Privacy and the Youth. A Few Things to Consider When it Comes to Your Children.

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With children’s digital footprint increasingly beginning before birth, yes sharing that sonogram might have more impact than you think, here are a few things you can do today to ensure your child’s right to privacy remains intact.

If your child is school-aged, have a candid discussion with the administration about their media release policies.

Oversharing doesn’t stop with the family. Teachers, coaches, scout leaders, family friends, regardless of intent, may be infringing on your child’s right to privacy. Visit any one of these individual’s various social media pages, and you’re likely to find an image of your child unobscured from the outside world.

Child’s rights vary by region and country, but that doesn’t mean you should be afraid of inquiring further about organizational practice when it comes to a media release. Ask when and where information is shared. Is it for internal use only amongst staff? Can it be used commercially?

The answers to these questions should undoubtedly inform your decision. Air on the side of caution and never sign a media release form on behalf of your child without a thorough understanding of its intended use.

Sit down with your child and go through their device application downloads to get a sense of what their digital life looks like.

According to CNBC, by the age of 12, some 50% of children will be using at least one social media platform regularly, the vast majority of which regularly track user data.

A quick Google query will show you that of all applications available in the Google Play Store, TikTok (1), Instagram (3), and Snapchat (6) were among the most downloaded. Let’s take a look at who’s using these apps.

According to BusinessofApps.com, some 60% of TikToks userbase falls between 16-24. It’s important to note that TikTok’s user-guidelines require that the account owner be at least 13 years of age and, if under the age of 18, have their parents consent to use. Is your child under the age of 13 and or using TikTok without your permission? If so, they are technically in violation of TikTok’s terms of service.

The data looks remarkably similar when evaluating Snap Inc’s, Snapchat. The minimum account holder age remains 13 years old with a massive 90% of the userbase falling within the 13 to 24-year-old camp according to Omni Core Agency.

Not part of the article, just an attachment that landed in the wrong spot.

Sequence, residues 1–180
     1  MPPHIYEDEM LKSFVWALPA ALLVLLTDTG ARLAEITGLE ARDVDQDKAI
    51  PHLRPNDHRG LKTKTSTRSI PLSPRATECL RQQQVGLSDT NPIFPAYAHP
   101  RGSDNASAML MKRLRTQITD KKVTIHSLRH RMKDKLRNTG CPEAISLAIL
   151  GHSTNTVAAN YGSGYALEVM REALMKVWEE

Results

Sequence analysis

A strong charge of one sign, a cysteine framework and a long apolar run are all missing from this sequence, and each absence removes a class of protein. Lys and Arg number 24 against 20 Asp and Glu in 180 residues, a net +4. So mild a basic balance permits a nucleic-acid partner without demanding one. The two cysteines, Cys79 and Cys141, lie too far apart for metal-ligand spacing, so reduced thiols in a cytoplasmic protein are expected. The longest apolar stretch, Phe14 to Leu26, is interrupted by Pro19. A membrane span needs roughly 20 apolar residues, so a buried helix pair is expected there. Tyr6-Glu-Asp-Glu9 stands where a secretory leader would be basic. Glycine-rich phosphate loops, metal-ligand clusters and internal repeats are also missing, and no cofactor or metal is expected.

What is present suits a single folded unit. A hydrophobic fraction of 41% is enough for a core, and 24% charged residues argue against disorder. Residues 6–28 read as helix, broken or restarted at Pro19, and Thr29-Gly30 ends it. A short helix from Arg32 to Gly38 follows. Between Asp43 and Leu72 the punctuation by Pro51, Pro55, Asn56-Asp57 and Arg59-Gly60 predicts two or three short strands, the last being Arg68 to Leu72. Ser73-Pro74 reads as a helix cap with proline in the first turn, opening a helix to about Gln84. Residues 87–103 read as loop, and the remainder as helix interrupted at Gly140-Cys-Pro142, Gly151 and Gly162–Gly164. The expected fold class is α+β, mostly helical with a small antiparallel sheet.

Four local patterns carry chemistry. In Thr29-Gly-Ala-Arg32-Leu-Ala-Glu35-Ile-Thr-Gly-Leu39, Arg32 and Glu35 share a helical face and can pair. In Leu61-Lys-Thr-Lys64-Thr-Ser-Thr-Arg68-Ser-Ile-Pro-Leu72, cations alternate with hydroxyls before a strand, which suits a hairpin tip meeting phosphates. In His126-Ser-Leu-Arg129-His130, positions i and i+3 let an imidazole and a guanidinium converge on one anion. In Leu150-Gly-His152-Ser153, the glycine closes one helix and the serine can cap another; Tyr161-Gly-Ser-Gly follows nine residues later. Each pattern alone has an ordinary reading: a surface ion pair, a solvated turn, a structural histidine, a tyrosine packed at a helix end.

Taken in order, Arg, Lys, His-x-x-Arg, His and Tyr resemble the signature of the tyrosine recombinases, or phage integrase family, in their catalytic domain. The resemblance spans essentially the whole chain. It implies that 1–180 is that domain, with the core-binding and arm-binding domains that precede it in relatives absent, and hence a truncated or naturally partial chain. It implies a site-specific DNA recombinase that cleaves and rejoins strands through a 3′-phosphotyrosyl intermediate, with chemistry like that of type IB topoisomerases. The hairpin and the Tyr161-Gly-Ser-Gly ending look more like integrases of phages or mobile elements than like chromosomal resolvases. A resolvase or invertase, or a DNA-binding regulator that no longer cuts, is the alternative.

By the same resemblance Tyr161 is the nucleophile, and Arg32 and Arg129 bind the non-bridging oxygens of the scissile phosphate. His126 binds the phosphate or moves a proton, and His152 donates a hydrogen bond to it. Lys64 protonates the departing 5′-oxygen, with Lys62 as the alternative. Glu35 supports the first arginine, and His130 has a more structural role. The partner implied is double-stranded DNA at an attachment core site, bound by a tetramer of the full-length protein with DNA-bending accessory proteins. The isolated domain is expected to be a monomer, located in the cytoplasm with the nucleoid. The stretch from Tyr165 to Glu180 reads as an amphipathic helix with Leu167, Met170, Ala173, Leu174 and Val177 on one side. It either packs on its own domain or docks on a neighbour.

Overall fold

Of the bunch, Instagram did better with older users with Statista claiming only 36% of its userbase falling between the ages of 13-24.

Think before posting.

Setting aside all of the data tracking and predatory practice the web is wrought with for a second, think about your children’s mental well being. If you were anything like me as a child, you carried around a lot of baggage when it came to self-esteem issues. You’d be hard-pressed to find a photo of me under the age of twenty-one with anything close to a smile approaching my face. I was not too fond of photographs to be taken of me, and I sure as hell wasn’t going to consent for it to be shared on the internet. While you may chalk this up to typical teenage angst, remember, your children are people too. Be mindful. Consider their wishes thoughtfully. Share photos with family off of social media when you can.

Did you enjoy today’s read? Come back tomorrow and don’t forget to take your daily dose of privacy.

About the author

Christopher Reeder is ODIN Blockchain’s Lead Content Strategist and Technical Writer. As an advocate and researcher, he is exploring technology’s impact on privacy.

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Published by Christopher Reeder

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